Sudden Obstetric Collapse
Pregnant women are generally considered to be a “low-risk” population, and a typical labor and delivery suite is not designed to manage a woman that may experience a collapse. However, even a “low-risk” pregnancy carries life-threatening risks. In 2010, worldwide maternal deaths were studied and over 50 % of the deaths occurred in six countries with the highest number occurring in India (Trends in Maternal Mortality 1990 to 2013. The World Bank and United Nation population division: trends in maternal mortality: 1990 to 2013. Geneva: WHO, 2014). It is not uncommon for a pregnant woman to be brought into a hospital in a collapsed condition. When the cause of maternal collapse is not known, there is too often a delay in diagnosis and treatment. This delay is associated with increased risk of maternal morbidity and mortality. One way to reduce the maternal morbidity and mortality of sudden maternal collapse is by prevention of the common antecedents to this condition. Recognition of the subset of patients at highest risk is imperative. Anticipation, early diagnosis, and rapid response are the three critical factors in preventing maternal deaths.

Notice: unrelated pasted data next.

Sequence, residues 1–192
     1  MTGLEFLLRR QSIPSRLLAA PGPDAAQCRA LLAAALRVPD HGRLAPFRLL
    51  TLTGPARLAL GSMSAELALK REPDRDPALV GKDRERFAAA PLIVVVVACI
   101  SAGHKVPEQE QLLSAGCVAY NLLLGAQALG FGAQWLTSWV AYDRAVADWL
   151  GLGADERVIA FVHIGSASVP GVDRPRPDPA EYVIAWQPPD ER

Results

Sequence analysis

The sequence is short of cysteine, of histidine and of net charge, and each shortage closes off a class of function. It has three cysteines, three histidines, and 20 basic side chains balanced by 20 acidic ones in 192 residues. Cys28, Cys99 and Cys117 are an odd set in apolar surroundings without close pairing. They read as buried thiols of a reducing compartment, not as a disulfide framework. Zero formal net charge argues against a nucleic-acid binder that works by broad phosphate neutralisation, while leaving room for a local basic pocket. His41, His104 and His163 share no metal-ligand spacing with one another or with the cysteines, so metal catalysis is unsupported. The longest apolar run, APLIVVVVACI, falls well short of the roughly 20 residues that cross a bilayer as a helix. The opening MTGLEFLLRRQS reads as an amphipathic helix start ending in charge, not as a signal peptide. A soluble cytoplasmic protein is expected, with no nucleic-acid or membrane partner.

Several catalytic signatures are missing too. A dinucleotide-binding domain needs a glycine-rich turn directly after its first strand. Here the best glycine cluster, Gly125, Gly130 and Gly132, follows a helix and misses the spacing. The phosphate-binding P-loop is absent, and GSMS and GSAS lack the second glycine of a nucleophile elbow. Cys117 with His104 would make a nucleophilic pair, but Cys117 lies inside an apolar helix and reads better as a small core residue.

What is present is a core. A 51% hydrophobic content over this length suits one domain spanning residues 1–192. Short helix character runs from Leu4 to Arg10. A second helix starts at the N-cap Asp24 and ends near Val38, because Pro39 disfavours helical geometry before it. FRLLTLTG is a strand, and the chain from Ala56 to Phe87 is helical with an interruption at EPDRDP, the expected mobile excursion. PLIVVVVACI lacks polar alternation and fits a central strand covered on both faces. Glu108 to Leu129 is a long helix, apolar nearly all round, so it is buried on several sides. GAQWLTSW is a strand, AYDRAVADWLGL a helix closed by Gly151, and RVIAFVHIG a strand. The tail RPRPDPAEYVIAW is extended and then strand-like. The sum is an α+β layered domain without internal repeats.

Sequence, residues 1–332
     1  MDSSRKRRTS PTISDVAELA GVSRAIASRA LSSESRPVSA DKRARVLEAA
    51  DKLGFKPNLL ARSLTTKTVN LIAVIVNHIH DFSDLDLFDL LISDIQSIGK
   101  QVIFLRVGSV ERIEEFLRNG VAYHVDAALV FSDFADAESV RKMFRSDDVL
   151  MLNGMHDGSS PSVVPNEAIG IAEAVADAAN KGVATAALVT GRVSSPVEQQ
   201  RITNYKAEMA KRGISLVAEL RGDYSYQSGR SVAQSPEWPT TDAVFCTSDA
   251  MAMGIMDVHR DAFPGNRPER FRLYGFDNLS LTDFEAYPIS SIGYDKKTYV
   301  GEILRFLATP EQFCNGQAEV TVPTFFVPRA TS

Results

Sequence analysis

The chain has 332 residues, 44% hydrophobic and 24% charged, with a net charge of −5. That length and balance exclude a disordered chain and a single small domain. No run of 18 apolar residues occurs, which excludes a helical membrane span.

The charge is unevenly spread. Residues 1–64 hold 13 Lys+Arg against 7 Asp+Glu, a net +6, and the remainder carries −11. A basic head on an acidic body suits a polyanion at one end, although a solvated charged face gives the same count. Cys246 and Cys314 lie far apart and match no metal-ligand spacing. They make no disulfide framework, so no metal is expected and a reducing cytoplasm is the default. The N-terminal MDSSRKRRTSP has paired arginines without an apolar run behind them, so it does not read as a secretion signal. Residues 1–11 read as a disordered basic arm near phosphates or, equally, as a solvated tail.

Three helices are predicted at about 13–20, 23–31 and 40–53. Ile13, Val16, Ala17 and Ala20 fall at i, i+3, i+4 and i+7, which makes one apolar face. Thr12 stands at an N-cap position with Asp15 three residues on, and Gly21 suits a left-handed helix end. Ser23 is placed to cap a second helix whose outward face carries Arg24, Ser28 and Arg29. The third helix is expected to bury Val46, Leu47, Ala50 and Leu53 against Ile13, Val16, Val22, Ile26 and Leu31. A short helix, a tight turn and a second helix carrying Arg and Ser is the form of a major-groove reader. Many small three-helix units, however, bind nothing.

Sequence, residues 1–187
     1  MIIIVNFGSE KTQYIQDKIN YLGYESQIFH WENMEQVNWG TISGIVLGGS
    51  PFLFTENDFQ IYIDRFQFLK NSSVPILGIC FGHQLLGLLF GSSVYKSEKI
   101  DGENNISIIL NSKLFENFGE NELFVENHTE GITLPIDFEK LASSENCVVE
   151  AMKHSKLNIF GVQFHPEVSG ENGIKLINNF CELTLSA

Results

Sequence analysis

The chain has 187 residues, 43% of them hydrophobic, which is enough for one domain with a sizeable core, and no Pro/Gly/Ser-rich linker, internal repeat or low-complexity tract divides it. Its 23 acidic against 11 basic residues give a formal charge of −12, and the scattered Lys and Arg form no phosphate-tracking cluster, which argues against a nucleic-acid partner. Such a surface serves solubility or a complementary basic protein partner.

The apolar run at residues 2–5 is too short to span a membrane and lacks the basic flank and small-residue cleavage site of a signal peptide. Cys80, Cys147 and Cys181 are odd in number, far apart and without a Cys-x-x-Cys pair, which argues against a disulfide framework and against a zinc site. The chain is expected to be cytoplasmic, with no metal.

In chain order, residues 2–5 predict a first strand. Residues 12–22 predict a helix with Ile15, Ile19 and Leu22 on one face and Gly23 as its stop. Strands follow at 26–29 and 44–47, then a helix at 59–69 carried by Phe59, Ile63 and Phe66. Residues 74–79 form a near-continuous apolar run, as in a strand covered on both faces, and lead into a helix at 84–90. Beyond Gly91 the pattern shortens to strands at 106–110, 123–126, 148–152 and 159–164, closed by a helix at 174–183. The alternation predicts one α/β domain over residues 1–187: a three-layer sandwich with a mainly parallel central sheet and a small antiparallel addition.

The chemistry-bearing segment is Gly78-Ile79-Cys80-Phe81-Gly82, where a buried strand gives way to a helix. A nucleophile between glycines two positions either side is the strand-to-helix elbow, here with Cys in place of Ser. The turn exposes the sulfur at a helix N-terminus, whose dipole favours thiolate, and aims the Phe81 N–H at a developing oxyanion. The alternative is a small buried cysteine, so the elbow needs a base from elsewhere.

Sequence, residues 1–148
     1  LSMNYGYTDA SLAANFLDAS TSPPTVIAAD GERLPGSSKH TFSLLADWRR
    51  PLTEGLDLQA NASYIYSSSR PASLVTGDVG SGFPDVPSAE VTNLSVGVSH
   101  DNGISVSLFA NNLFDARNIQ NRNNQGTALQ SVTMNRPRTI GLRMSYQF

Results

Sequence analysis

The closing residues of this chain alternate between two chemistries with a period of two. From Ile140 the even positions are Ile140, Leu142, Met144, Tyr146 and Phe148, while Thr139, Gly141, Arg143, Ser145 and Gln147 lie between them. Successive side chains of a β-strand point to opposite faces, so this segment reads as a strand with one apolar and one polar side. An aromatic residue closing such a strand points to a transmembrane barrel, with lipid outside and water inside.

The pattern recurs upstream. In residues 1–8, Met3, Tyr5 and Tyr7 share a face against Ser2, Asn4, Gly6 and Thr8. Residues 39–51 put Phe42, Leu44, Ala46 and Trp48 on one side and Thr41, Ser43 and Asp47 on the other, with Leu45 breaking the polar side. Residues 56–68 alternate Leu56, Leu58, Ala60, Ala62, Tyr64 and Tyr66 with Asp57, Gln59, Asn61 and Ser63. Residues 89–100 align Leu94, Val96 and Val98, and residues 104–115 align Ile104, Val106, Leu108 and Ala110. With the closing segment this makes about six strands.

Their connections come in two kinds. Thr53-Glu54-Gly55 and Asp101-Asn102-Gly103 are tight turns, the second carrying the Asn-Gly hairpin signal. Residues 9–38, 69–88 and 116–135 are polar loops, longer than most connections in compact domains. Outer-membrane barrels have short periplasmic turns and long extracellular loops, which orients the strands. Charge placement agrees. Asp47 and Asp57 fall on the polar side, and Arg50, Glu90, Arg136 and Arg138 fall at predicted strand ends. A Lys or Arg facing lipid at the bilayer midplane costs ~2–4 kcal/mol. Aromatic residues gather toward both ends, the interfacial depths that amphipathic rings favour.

Formation of a rapid response team is another crucial step. The two most important aspects of rapid response team development are team building and regular drills. At every hospital that provides care for the pregnant woman, a system should be in place for the rapid response team. For the system to work, optimally trained individuals are identified with specific duties assigned to each team member to handle the emergencies efficiently and rapidly. Regular drills are important in providing timely and well-coordinated care and preventing confusion among the members of the rapid response team.
KeywordsMaternal Mortality Disseminate Intravascular Coagulation Maternal Death Postpartum Period Pregnant Patient
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